Q is for Queen....Ellery Queen, that is.
Ellery Queen is both a fictional detective and the pseudonym used by two American cousins: Daniel Nathan, alias Frederic Dannay (October 20, 1905 – September 3, 1982) and Manford (Emanuel) Lepofsky, alias Manfred Bennington Lee (January 11, 1905 – April 3, 1971), to write mystery novels.
In a successful series of stories that covered 42 years, Ellery Queen served as both author's name and that of the detective-hero. During the 1930s and much of the 1940s, Ellery Queen was one of the best known American fictional detectives. Movies, radio shows, and television shows have also been based on their works.
Their first Ellery Queen novel was The Roman Hat Mystery, published in 1929. This initial mystery established a reliable formula: an unusual crime; a complex series of clues; supporting characters including Ellery's father, Inspector Richard Queen, and his irascible assistant, Sergeant Velie; and what became the most famous part of Ellery Queen's books: the "Challenge to the Reader." This was a single page near the end of the book declaring that the reader had seen all the same clues Ellery had, and that only one solution was possible.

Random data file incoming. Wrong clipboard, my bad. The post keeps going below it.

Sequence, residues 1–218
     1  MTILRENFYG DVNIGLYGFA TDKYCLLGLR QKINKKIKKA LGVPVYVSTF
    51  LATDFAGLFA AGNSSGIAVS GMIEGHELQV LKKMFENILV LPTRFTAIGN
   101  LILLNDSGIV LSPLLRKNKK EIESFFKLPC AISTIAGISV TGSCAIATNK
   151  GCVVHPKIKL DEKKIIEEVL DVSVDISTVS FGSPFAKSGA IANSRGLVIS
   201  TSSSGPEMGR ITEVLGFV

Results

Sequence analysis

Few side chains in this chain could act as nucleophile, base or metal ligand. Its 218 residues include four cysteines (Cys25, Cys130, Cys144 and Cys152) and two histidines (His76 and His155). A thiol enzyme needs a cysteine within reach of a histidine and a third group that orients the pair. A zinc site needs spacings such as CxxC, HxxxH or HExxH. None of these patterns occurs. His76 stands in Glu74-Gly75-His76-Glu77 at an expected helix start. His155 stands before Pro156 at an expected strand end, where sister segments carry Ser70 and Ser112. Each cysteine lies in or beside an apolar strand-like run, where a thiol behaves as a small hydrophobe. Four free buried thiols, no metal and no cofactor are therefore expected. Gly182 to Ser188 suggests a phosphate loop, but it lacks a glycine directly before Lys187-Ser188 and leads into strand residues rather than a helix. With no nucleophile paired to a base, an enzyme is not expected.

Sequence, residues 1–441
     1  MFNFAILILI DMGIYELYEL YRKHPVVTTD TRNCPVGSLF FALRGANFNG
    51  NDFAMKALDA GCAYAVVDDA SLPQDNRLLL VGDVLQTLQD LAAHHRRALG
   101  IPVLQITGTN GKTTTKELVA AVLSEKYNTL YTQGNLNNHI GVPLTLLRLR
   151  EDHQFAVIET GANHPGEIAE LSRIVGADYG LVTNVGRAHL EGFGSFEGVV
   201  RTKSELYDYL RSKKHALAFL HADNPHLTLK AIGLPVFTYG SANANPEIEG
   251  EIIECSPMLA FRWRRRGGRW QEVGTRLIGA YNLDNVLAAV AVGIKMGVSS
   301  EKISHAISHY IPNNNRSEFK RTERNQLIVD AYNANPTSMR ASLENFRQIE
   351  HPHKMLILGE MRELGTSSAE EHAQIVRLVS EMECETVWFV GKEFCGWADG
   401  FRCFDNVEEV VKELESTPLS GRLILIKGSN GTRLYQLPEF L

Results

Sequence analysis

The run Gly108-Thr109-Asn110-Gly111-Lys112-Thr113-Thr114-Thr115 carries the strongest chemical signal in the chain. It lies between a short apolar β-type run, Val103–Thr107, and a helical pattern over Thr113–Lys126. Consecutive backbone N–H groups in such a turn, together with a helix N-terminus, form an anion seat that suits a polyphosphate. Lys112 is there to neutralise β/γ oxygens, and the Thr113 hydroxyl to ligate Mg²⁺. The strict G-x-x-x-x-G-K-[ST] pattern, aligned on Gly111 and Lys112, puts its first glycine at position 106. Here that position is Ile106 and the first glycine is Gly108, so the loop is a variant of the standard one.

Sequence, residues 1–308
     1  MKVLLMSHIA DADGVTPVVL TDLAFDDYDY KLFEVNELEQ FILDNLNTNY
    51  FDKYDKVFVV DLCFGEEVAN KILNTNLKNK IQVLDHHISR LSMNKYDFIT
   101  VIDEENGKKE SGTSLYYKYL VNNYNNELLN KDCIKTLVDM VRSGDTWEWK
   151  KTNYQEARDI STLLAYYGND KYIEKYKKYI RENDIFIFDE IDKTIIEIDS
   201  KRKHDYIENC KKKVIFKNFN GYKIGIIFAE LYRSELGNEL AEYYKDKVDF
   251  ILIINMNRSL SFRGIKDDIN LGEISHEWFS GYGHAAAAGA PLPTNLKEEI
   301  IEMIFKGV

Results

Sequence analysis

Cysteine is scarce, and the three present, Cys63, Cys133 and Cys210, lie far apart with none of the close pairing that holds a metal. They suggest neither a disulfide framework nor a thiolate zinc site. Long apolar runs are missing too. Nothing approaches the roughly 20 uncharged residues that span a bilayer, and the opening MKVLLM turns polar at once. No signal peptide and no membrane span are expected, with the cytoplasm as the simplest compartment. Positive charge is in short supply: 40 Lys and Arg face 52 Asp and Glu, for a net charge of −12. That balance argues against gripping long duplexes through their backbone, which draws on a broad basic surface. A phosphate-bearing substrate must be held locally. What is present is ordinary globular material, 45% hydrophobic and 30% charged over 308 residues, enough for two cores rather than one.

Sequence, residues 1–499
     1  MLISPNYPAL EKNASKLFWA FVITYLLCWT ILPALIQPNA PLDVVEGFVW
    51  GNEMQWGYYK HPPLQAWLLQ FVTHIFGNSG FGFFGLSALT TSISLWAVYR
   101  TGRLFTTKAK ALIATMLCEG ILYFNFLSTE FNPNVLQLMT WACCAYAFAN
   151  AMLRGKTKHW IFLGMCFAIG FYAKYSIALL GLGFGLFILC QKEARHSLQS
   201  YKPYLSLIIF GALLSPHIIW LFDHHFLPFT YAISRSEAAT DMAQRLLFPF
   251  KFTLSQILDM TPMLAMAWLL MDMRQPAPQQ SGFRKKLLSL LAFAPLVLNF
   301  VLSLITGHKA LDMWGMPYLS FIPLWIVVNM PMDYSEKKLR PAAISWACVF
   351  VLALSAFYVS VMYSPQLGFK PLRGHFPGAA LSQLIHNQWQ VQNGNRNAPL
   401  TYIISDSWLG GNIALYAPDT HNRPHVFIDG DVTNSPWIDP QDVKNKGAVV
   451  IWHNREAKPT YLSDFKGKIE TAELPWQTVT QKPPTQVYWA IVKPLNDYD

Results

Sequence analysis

I am also familiar with that "Challenge" from watching the 1970s television program. I loved it when Ellery would turn to the audience and ask us if we knew who did it. Because, after all, we had all the clues....The television version of Ellery Queen was a bit softer than the novels. The novels are more what I would call "soft-boiled"--not nearly as mean street as the hard-boiled school, but also not what you would call cozies. Kind of a blend of both--with some stories leaning more towards one side or the other.